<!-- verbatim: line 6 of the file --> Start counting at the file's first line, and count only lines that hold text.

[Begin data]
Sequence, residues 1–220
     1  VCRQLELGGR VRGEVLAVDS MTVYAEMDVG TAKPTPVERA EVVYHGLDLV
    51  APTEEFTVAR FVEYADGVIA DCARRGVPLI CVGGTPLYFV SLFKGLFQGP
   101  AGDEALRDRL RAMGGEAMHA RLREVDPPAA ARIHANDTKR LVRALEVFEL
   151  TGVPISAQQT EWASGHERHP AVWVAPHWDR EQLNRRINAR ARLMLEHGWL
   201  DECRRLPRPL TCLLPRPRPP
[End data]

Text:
   201  DECRRLPRPL TCLLPRPRPP